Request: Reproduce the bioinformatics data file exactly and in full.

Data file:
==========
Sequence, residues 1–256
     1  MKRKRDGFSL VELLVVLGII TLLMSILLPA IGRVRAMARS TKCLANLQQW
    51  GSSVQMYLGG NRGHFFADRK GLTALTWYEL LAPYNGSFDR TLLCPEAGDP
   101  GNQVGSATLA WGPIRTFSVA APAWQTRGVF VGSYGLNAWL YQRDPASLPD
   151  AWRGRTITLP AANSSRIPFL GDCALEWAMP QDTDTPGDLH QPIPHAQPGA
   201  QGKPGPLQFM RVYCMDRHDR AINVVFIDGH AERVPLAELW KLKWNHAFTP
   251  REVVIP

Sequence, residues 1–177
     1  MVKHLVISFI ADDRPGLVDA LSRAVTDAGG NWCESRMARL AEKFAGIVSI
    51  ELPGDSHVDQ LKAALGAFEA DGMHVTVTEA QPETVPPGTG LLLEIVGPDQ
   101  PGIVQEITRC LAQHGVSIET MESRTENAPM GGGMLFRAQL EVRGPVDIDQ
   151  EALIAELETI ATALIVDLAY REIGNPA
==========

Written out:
Sequence, residues 1–256
     1  MKRKRDGFSL VELLVVLGII TLLMSILLPA IGRVRAMARS TKCLANLQQW
    51  GSSVQMYLGG NRGHFFADRK GLTALTWYEL LAPYNGSFDR TLLCPEAGDP
   101  GNQVGSATLA WGPIRTFSVA APAWQTRGVF VGSYGLNAWL YQRDPASLPD
   151  AWRGRTITLP AANSSRIPFL GDCALEWAMP QDTDTPGDLH QPIPHAQPGA
   201  QGKPGPLQFM RVYCMDRHDR AINVVFIDGH AERVPLAELW KLKWNHAFTP
   251  REVVIP

Sequence, residues 1–177
     1  MVKHLVISFI ADDRPGLVDA LSRAVTDAGG NWCESRMARL AEKFAGIVSI
    51  ELPGDSHVDQ LKAALGAFEA DGMHVTVTEA QPETVPPGTG LLLEIVGPDQ
   101  PGIVQEITRC LAQHGVSIET MESRTENAPM GGGMLFRAQL EVRGPVDIDQ
   151  EALIAELETI ATALIVDLAY REIGNPA